Bell Curve The Law Talking Guy Raised by Republicans U.S. West
Well, he's kind of had it in for me ever since I accidentally ran over his dog. Actually, replace "accidentally" with "repeatedly," and replace "dog" with "son."

Thursday, September 27, 2007

NEW RULE

Free Speech must make sense.

I you are going to exercise your right to free speech, you have to put together a message that makes sense. NPR reported this morning that the editor and chief of "The Rocky Mountain Collegian" may be disciplined because he ran an editorial in the paper that read simply, "Taser This . . . F--- Bush."

The free speech issue aside. I object to this editorial simply because it makes no sense. What does that mean exactly? I understand what first part means in isolation. I understand what the last line means in isolation. Together they make no sense. I'd fire the editor-and-chief simply for being a poor speaker of English.

This seems to be a trend in Free Speech advocates under the age of 30. Make messages that are inherently random. "Bong Hits 4 Jesus" comes to mind. What the hell does that mean? Are bong hits some sort of sentient beings that have volition to be "for" something? Obviously those who use bong hits think so. The rest of us are stuck wondering . . . wha?

13 comments:

Dr. Strangelove said...

I seem to recall the nonsensical nature of "Bong Hits for Jesus" was actually one of the reasons the students used it, attempting to push the envelope. It was also cited by the 4 dissenting justices on the Supreme Court as a reason why a reasonable person would not interpret as a pro-drug (or pro-anything) message. The conservatives saw "bong" and that was all she wrote.

Dr. Strangelove said...

I agree with USWest's assessment: it's just a bad editorial. Unlike the Bong Hits, however, I think the editorial is clearly some form of Bush-bashing... very poorly expressed. The profanity, however, is totally irrelevant to me. To quote D.H. Lawrence's poem "Conundrum":

Tell me a word
that you've often heard
yet it makes you squint
if you see it in print!

Tell me a thing
that you've often seen
yet if put in a book
makes you turn green!

Tell me a thing
that you often do
which, described in a story
shocks you through and through!

Tell me what's wrong
with words or with you
that you don't mind the thing
yet the name is taboo.

The Law Talking Guy said...

My response is: Dada is art.

Dr. Strangelove said...

For "bong hits" the "Dada" defense works for me. (Although I thought the meaning was not so obscure... something like "raise a glass" for Jesus.) But the "Taser" remark is puerile, not Dada.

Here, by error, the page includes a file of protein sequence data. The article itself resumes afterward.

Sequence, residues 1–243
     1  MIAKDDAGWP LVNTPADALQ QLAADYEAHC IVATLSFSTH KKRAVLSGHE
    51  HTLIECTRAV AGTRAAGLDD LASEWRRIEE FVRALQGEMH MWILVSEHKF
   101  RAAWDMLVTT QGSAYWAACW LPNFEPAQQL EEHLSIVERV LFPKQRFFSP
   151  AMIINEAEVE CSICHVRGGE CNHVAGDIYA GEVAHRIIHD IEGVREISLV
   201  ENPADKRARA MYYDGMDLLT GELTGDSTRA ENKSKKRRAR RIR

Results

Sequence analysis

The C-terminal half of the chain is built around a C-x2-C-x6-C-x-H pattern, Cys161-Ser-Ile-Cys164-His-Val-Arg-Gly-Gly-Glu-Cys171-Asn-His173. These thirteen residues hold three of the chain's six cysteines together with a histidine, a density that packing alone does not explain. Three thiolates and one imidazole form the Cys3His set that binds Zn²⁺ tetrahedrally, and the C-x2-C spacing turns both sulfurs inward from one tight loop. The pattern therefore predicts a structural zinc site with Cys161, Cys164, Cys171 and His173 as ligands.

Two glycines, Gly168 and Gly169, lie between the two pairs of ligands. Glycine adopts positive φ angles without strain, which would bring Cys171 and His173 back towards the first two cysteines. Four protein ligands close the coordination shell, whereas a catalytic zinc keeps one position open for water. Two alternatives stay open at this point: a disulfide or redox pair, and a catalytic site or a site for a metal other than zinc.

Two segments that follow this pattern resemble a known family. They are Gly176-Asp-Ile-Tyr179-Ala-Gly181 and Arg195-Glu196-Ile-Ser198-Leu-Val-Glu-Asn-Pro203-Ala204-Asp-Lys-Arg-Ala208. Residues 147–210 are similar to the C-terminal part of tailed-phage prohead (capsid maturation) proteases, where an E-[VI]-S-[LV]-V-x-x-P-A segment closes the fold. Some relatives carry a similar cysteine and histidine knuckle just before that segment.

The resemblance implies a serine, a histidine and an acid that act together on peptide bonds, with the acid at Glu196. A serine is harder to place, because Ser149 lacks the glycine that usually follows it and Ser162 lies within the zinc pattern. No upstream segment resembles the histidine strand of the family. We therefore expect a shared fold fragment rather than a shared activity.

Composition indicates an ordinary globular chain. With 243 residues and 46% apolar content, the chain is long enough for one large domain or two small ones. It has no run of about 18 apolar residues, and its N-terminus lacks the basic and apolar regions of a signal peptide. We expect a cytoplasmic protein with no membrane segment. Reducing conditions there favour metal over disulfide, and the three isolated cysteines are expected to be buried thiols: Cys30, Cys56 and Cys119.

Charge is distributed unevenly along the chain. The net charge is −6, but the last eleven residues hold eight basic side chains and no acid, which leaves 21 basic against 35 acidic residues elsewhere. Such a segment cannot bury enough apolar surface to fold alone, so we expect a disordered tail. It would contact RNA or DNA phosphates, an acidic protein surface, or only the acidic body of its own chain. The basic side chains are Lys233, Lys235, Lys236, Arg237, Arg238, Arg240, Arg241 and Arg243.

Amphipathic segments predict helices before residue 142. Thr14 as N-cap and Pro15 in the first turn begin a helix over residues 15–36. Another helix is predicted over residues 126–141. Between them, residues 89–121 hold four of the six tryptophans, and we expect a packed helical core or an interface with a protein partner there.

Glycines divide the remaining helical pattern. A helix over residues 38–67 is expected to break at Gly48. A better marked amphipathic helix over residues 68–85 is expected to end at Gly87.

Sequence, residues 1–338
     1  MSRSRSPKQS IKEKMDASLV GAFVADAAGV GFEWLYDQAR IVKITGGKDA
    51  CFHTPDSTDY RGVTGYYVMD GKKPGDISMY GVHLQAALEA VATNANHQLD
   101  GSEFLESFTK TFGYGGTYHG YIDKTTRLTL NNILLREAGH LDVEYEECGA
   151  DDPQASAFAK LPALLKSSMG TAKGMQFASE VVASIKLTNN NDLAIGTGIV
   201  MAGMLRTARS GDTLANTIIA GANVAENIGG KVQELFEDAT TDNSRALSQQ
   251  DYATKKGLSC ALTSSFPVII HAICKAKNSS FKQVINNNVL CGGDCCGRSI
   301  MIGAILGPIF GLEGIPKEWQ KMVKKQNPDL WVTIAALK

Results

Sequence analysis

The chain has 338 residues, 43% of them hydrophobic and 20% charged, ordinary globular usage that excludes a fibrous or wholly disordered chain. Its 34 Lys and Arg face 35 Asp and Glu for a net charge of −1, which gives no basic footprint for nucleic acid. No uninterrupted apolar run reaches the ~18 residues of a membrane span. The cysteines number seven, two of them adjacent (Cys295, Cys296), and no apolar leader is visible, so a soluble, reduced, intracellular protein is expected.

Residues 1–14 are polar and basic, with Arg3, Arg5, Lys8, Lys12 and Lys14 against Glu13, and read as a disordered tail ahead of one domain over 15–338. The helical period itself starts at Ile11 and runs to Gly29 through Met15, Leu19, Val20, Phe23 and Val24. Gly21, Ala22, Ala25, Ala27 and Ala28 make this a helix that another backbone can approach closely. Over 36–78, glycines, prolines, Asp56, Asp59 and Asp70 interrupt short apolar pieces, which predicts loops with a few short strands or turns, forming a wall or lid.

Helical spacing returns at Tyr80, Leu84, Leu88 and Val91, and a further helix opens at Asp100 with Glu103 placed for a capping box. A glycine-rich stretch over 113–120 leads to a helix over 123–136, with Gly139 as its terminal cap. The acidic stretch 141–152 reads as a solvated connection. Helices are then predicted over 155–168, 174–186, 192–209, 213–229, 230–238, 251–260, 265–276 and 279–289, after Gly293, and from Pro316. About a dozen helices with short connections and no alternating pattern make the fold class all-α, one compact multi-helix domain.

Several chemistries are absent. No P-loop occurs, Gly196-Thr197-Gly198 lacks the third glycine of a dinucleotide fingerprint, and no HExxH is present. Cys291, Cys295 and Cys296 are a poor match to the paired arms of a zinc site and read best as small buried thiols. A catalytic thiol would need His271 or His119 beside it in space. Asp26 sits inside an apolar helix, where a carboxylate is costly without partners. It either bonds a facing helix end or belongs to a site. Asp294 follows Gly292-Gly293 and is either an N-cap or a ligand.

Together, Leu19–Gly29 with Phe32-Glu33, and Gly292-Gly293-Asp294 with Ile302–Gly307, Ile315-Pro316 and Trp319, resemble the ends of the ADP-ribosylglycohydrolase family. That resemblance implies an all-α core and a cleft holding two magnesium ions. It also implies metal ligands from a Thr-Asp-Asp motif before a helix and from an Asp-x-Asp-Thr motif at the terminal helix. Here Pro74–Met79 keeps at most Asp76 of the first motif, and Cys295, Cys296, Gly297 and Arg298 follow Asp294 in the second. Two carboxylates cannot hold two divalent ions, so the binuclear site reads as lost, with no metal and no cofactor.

The Law Talking Guy said...

po-tay-toh, po-TAH-toh

Dr. Strangelove said...

You truly see no distinction?

USWest said...

I agree with Dr. S. I thought of the "raise a glass" thing as well. But still, stupid. But yes, so is Dada. Maybe I am too literal.

Dead Parrot said...

I shake my head at how arguments are made nowadays. On one side - f*** Bush! On the other - 9-11! 9-11! Never again! Support the troops!

And yet some of these messages score big points. Look at the enduring belief that Iraq and September 11th are related. I just read this in a NY Times article about a new, well-funded conservative advocacy group, "Several of the group’s spots suggested that Iraq, rather than Al Qaeda, was behind the Sept. 11 attacks, even though the independent Sept. 11 commission investigation and other inquiries found no evidence of Iraq’s involvement . . In August, when the organization rolled out [an advertisement in which an Iraq veteran pleads with Congress and the American people not to surrender in Iraq] to two focus groups in Pennsylvania, its upbeat, patriotic message was well received, even causing a few viewers to weep."

We are going to see and hear a lot more of this stuff over the next year. None of it is persuasive for either point of view. It is really difficult to stay interested and engaged amid all the inane back-and-forth.

USWest said...

Everything is just a bumper sticker. That is how all communication in the US is going these days.

Street protests have given way to covering the back of your car with slogans.

The Law Talking Guy said...

I thought "Bong Hits 4 Jesus" was a juvenile juxtaposition of something their parents hated (pot) with something they always blathered about as uber-wonderful (Jesus). The "Taser this" remark is actually less clever, demonstrating that it is actually posible to be less clever. But the key to free speech isn't the wisdom of the remarks, but the right to speak in contadiction to the Accepted Truth and Conventional Wisdom. The right to flip the bird to the President is, in my view, near to the heart of American liberty. The bumper sticker, which is the equivalent of "hit and run" free speech, is perfectly in line with a tradition of free speech that has as much to do as stinky-pants cartoons as it does with teaching John Locke. And I do enjoy it. Liberty is, after all, about being free. And if liberty means anything (to quote Justice Brennan) it means the right to be let alone.

USWest said...

I have no problem with bumper stickers as free speech. But all talk, no action, that I have a problem with. It is lazy.

Let's not confuse noise with action or slogans with thoughtful discussion.

The Law Talking Guy said...

Down with Bumper Stickers!!!

USWest said...

Stick this!